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Here's why a massive tunnel is being dug under Old Town Alexandria

The city's wastewater utility is digging a 2-mile tunnel under Old Town to divert sewage water away from the Potomac.

ALEXANDRIA, Va. — Nearly 150 feet underground, the city of Alexandria is tunneling toward a more environmentally friendly future. The key to that future is 360-ton tunnel-boring machine, affectionately named Hazel.

Hazel’s job is to bore a 2-mile-long tunnel under Old Town that should solve one of Alexandria’s biggest environmental issues since the city was built.

“When it rains, the main pipes fills with both rainwater and sewage causing overflows of harmful bacteria and pollution to the Potomac River and its tributaries,” said Justin Carl, a project manager for Alexandria’s wastewater utility Alexandria Renew.

RELATED: Alexandria testing quieter electric garbage trucks

The problem isn’t unique to Alexandria. More than 800 towns and cities across the U.S. have a combined rainwater and sewage system. The impact is different for each. In Alexandria, it represents a significant source of pollution.

“In a year, about 140 million gallons of combined sewage overflow to our waterways here in Alexandria, when we're done with this project that will be reduced to less than 17 million,” Carl said.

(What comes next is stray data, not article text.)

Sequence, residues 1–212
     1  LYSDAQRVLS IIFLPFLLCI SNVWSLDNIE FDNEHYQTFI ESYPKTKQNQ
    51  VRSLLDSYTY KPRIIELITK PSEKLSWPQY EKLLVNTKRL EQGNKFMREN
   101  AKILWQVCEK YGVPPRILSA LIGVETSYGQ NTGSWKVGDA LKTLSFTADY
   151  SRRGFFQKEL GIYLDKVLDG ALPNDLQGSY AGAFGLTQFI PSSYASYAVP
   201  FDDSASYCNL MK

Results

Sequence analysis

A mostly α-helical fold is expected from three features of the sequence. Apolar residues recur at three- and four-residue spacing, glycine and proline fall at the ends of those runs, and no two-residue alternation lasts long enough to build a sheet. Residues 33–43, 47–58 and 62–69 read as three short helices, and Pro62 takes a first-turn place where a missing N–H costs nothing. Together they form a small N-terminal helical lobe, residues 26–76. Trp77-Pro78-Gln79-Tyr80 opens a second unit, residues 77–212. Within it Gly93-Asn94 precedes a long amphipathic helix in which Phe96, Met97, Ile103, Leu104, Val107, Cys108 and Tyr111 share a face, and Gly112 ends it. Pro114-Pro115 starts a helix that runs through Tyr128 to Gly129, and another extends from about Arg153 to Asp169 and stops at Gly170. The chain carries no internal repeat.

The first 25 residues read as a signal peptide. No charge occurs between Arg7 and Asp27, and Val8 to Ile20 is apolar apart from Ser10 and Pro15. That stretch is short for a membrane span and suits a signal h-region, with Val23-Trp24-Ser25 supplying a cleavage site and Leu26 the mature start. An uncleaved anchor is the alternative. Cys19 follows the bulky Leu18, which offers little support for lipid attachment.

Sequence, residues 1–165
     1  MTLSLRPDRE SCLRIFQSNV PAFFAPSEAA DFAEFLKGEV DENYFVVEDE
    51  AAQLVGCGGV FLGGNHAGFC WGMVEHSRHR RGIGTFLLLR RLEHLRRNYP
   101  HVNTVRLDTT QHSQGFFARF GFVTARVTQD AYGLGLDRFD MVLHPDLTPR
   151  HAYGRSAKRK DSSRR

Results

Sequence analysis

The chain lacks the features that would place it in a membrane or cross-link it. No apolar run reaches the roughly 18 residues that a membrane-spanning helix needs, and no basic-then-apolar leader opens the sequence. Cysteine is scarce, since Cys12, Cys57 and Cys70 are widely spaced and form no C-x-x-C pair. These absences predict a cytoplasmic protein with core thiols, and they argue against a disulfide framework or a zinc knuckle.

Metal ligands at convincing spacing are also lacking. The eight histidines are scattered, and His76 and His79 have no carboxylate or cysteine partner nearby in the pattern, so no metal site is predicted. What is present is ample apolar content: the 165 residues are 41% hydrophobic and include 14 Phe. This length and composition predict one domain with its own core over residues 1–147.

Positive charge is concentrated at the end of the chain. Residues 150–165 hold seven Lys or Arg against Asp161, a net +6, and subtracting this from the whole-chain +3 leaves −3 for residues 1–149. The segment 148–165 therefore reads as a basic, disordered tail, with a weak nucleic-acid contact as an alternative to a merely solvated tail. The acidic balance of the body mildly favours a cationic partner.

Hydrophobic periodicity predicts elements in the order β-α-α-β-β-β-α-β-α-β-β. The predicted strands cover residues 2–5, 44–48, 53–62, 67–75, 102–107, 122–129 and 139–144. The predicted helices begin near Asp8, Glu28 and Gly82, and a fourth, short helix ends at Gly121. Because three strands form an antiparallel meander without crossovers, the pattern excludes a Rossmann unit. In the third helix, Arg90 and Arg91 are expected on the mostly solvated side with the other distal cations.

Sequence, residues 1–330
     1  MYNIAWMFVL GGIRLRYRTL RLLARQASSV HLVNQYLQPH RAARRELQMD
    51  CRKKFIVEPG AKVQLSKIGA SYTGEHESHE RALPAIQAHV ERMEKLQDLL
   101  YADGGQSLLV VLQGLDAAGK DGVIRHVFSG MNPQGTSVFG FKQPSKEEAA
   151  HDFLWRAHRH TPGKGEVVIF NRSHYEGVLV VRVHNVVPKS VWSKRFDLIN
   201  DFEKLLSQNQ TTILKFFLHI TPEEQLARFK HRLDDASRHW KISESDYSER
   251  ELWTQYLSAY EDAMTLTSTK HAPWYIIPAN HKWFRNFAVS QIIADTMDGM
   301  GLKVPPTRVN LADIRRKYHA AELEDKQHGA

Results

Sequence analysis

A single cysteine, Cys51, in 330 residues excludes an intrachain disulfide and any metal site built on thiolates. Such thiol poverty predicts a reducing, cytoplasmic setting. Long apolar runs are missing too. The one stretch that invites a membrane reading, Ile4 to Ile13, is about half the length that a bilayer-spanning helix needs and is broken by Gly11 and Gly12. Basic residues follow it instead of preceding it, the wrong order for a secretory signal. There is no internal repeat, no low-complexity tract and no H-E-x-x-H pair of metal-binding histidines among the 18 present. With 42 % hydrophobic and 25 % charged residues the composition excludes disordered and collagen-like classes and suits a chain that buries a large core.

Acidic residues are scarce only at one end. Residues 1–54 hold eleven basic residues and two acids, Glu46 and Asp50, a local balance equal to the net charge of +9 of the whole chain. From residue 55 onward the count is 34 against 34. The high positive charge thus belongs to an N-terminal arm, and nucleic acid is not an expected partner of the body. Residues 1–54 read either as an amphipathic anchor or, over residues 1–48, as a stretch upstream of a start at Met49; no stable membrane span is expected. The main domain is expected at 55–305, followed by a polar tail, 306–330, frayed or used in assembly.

The project is the tunnel dug by Hazel. Carl said it will create a place that traps sewage and brings it to Alexandria Renew’s treatment plant.

As you can imagine, a project of this magnitude costs a lot. The city of Alexandria voted years ago to approve this project. Between federal and local dollars, it costs around $454 million. Alexandria Renew is charged with carrying it out.

To find out how the tunnel will get done, we got lowered by crane down almost 150 feet in a mine shaft. That's where we met project manager Ryan Payne.

Payne showed us the progress Hazel has made so far since they broke ground in early December. In that time Hazel has bored several hundred feet.

“Hazel moves four and a half feet at a time, builds a ring, and then continues mining,” Payne said.

The concrete rings are part of the key to not disturbing the ground above. As Hazel slowly bores on its two-mile path, the concrete rings maintain the earth pressure. There is no disturbance at the surface level.  If you’re wondering: As Hazel digs, where does all the dirt and sediment go?

“All the material that's excavated up at the front of the machine gets withdrawn through a screw and then deposited on the conveyor belt to be sent out and up to the surface,” Payne explained.

At four feet at a time and two miles to go, the team expects to be done by 2025, with an impact that changes the future.

“We’re doing our part to build for a foundation of a healthier Potomac River,” Carl said.

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